Rice takes deeper look at unconventional oil and gas

Rice University engineers George Hirasaki and Walter Chapman are combining nuclear magnetic resonance with molecular dynamics simulations to help better characterize the contents of organic shale. The team seeks to understand how oil and gas molecules, water and rocks interact at the nanoscale level in an effort to make extraction of hydrocarbons through hydraulic fracturing more efficient. Their method to analyze shale samples and validate simulations is detailed in this month’s Journal of Magnetic Resonance.

EIA, Mexico, oil, exports, imports

Graphic courtesy of the EIA

US energy exports to Mexico exceeds value of energy imports from Mexico

Mexico’s sales of crude oil to the U.S. and U.S. net exports of refined petroleum products to Mexico have historically been the driving force of energy trade between the two countries, according to the EIA. Mexico’s exports of crude oil to the U.S. were the most valuable component of bilateral energy trade through 2014. But the bilateral energy trade situation with Mexico chanced significantly in 2015 and 2016, with the value of U.S. energy exports to Mexico exceeding the value of U.S. energy imports from Mexico.

Leak detection market for oil and gas growing

The oil and gas leak detection market was valued at $2.10 billion in 2015 and is expected to climb to $3.38 billion by 2022 at a compound annual growth rate of 6.9 percent. Meanwhile, acoustic/ultrasonic is expected to rule the leak detection market between 2016 and 2022, according to online market research group reportsnreports.com.

Increasing incidents of leakages in the oil and gas pipelines and storage tanks at production facilities, development and expansion of existing pipelines and construction of new pipelines, and stringent government regulations pertaining to the implementation of leak detection systems are all credited with spurring growth in the leak detection market.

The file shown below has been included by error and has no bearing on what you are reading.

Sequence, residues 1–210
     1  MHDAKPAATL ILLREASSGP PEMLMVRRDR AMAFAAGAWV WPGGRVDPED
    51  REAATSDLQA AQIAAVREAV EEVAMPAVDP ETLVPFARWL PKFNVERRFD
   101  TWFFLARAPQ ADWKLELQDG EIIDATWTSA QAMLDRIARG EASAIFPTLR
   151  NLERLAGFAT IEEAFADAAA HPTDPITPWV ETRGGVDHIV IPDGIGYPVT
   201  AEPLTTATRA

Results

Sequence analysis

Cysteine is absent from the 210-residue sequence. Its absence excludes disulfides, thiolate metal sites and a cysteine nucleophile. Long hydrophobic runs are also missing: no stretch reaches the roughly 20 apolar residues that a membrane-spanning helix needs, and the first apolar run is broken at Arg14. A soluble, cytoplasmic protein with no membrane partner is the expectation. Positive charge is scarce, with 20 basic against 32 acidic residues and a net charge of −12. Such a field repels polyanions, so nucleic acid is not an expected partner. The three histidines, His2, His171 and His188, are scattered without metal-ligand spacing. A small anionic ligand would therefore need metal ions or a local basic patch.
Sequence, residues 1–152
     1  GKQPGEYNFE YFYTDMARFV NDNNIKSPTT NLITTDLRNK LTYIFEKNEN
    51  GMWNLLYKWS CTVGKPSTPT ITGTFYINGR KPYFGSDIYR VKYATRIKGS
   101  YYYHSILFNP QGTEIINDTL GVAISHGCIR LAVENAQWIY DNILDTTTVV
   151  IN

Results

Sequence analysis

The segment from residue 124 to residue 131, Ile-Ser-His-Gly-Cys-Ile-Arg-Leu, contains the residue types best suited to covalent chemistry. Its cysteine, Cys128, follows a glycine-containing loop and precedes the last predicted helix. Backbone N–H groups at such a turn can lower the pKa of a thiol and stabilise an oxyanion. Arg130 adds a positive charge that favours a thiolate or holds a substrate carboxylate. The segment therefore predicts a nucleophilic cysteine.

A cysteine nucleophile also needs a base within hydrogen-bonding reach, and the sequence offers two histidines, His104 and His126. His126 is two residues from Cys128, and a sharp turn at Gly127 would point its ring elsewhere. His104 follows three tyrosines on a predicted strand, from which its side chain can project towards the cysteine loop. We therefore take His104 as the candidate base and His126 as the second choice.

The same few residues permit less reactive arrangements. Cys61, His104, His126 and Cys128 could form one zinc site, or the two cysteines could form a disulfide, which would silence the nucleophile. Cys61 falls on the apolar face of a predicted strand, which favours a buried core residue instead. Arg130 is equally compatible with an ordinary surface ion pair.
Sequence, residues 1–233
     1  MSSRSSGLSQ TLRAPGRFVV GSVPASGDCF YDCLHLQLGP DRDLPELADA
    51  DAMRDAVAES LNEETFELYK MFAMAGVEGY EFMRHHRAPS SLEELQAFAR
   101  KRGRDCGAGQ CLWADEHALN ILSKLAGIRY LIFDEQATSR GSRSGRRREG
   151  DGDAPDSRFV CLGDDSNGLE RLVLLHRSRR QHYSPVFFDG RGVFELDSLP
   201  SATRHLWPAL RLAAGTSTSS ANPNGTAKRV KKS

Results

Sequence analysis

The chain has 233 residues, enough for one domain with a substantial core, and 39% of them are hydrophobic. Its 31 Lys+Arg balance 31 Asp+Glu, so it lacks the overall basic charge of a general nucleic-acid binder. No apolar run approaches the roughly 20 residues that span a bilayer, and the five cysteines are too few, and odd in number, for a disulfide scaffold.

Natural gas-fired generating capacity likely to increase

Annual net additions in natural gas capacity could be at their highest levels since 2005 if the electrical industry follows through on its plans to increase natural gas-fired generating capacity by 11.2 gigawatts (GW) in 2017 and 25.4 GW in 2018. The U.S. Energy Information Administration (EIA) is forecasting based on information it received. Combined, these additions would increase natural gas capacity by 8 percent rom that existing at the end of 2016.

Rail provides outlet for growing Appalachian HGL production

The East Coast region relies most on rail to transport hydrocarbon gas liquids (HGL), according to the EIA’s new data series published in Movements of Crude Oil and Selected Products by Rail. The HGL-by-rail series include shipments of propane, propylene, normal butane and isobutane between and within Petroleum Administration for Defense District (PADD) regions and to and from Canada. View full report here.

HGL-by-rail data adds transparency to rapidly changing markets

In an effort to add more transparency to market supply and demand dynamics, the EIA has added information on rail movements of propane, propylene, normal butane and isobutene to its monthly petroleum data. These four products make up the majority of HGL moved by rail. This HGL-by-rail data series are developed using information provided by the U.S. Surface Transportation Board. See the full report here.

EIA, oil, production

Graphic courtesy of the EIA

Texas, ND expected to drive production gains through 2018

U.S. crude oil production is expected to increase an average of 8.9 million barrels per day (b/d) in 2016 to an average of 9.3 million b/d in 2018, thanks to gains in major U.S. tight oil-producing states Texas, North Dakota, Oklahoma and New Mexico, according to the EIA Short-Term Energy Outlook for January. Among those states, Texas and North Dakota are expected to continue to lead production of crude oil because of large amounts of economically recoverable resources in the Eagle Ford, Permian and Bakken regions.